If you’re entertaining futuristic visions of cruising down the highway in your own self-driving, electric car, Tyler Folsom wants to expand that notion.
Picture yourself instead behind the handlebars of a three-wheeled, autonomous, battery-powered bike. Less sexy? Perhaps. Way more affordable and potentially safer? You bet.
Folsom, an affiliate professor in computing and software systems at the University of Washington Bothell, is leading a small team of undergraduates which is developing just that technology. They’re outfitting recumbent trikes with rechargeable batteries, an electric motor and the hardware and software needed for the bike to drive itself.
“The main thing I’m trying to do is make people aware that this is possible,” Folsom said. He’s aiming for a vehicle that costs about $8,000-9,000. “It’s an expensive bike,” he said, “but it’s a cheap car.”
One model has a clear, protective shell around the seat to protect the rider from the elements and to reduce drag.
While most of the world is focused on self-driving cars and motorcycles (in September BMW presented the first driverless motorcycle), Folsom and a few others are making the case for bikes outfitted with similar technology. They envision the vehicles as a climate-friendly option for urban settings in particular, where traffic moves slower and cars are a less efficient option.
Many people advocating for self-driving cars cite the potential for safety improvements: in the United States last year, 37,133 people died in motor vehicle crashes, according to federal data. The thinking goes that removing human error could make driving safer. But the news that a self-driving car by Uber struck and killed a pedestrian in Arizona in March raised serious questions about the pursuit.
Folsom has an answer.
“If you’ve got this new technology,” he said, “you’re better off putting it on a less scary vehicle like a bicycle.”
Folsom has been passionate about autonomous vehicles for more than a decade. He was part of a team from a town on Washington’s Olympic Peninsula to enter the second DARPA Grand Challenge in 2005, an event hosted by the U.S. Department of Defense to encourage the development of self-driving vehicles. He competed again in 2007 with a team from the University of British Columbia.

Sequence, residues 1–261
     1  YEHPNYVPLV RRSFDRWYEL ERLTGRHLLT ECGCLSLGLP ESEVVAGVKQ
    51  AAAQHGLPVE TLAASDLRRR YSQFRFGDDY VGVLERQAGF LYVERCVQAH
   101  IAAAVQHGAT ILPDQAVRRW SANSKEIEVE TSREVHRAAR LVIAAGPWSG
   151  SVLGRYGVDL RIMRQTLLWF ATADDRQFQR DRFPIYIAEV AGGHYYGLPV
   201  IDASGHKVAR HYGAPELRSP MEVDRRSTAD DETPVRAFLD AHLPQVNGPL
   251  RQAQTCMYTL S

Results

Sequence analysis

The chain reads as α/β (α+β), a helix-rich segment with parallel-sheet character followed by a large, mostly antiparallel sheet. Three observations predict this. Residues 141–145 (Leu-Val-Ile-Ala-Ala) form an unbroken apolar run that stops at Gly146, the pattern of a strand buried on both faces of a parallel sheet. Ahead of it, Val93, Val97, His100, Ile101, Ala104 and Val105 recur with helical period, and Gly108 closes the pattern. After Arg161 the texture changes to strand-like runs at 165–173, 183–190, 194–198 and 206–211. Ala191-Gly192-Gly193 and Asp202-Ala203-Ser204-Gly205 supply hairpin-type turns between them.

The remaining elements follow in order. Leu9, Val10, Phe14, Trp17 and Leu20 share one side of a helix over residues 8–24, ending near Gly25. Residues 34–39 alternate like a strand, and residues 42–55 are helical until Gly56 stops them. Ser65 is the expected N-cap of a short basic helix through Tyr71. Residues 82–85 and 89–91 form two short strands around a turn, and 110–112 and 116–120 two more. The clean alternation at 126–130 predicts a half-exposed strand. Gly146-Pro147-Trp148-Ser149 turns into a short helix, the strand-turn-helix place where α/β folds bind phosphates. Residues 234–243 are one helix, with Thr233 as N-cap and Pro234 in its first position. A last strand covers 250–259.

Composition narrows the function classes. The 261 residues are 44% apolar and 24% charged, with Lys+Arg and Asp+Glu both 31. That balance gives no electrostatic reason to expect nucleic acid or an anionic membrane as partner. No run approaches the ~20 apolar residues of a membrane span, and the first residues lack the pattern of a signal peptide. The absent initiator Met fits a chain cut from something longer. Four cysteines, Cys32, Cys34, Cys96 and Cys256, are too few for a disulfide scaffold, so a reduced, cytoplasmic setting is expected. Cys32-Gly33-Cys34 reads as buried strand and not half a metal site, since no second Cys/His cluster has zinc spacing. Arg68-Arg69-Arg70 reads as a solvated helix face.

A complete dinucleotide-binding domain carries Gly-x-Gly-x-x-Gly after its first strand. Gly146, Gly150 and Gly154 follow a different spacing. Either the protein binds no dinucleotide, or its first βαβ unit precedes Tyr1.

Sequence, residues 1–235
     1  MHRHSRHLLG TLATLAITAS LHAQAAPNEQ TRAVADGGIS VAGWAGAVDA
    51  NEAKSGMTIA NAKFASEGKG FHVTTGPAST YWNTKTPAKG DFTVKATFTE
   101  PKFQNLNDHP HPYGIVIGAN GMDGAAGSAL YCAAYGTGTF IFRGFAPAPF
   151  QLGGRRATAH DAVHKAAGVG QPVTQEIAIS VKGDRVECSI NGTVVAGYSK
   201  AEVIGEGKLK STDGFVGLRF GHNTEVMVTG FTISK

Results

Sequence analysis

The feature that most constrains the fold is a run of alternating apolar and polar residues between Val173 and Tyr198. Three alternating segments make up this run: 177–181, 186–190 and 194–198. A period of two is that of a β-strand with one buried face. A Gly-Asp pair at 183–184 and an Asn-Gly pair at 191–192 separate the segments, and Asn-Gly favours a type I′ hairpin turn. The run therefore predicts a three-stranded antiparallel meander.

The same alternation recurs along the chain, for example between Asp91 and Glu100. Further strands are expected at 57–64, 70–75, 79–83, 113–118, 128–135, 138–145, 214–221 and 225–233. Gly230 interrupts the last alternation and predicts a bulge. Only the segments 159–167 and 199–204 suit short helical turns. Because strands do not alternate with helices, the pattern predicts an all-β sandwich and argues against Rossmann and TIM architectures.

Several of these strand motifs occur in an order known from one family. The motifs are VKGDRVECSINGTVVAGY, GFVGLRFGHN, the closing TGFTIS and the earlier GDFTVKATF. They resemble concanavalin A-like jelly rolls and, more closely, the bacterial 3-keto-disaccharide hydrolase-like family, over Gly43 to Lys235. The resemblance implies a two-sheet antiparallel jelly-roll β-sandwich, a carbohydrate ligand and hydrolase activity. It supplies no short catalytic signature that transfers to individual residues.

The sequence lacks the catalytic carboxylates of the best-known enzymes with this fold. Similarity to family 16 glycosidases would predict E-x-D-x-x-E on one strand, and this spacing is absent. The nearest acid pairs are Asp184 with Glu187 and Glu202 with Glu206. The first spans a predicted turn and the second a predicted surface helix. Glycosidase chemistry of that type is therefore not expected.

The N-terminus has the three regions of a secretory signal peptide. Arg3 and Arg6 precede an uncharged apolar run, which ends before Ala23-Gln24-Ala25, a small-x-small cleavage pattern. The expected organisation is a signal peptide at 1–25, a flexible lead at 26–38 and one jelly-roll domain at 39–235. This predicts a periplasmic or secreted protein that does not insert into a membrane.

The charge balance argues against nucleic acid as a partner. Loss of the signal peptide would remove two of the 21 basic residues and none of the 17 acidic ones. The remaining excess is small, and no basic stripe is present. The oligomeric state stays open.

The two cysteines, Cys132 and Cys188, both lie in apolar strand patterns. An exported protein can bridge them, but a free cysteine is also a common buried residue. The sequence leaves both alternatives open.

In 2013, Folsom landed at the UW’s Bothell campus, launching the open-source Elcano Project, so named for a Spanish explorer who was the first person to sail around the world.
Miguel Huarta, a UW senior, is one of the students working with Folsom. He’s happy to tackle a project that integrates hardware and software, and enjoys bike riding. He’s also keen on the endeavor for a practical reason: it would be nice to get a beer (or perhaps more) at a pub and have a safe ride home via an autonomous vehicle.
“I like (the trike) because it is accessible and easier than a car,” Huarta said. “If you can take your mind off of pedaling, it is even more pleasurable.”
The team is working on a self-driving system that incorporates GPS, a gyroscope, an accelerometer, speed input from the speedometer, directional input from a compass, technology that detects a lane edge, a digital map of the area and other technology.
Folsom is aiming for a bike that could operate in controlled conditions — designated paths or lanes — as opposed to a vehicle that could safely navigate any situation. His team has successfully operated a prototype trike in open field, but not yet followed a road autonomously.
MIT has a larger program working on self-driving bikes. Their effort uses more expensive, sophisticated AI technology while the UW’s Elcano team is not using any machine learning or connected, Internet of Things (IoT) in their design. It makes a less smart vehicle, but also one that’s cheaper and can’t be remotely hacked.
The team likes bikes because they’re so lightweight. The average car weighs roughly 4,000 pounds while the average driver is closer to 175 pounds. That means most of the vehicle’s energy use is being used to move the frame of the car, not the person. Likewise, an electric car battery can weigh 1,000 pounds, while a bike or trike battery is about 25 pounds. Ideally, bikers could swap out their batteries at solar or wind-powered recharging stations, further reducing the vehicles’ carbon footprint.
“I see autonomous bikes and trikes as a really effective way to have autonomous vehicles,” said Ben Rockhold, another UW senior working on the project.
Folsom isn’t aiming to commercially launch a line of bikes or trikes, but to inspire others and share what he and his team have learned.
“This is open source. You can pick it up and run with it. I don’t have the resources to (commercialize) it myself,” he said. “I’m trying to get the concept out there that hey, this is an option that we need to seriously consider.”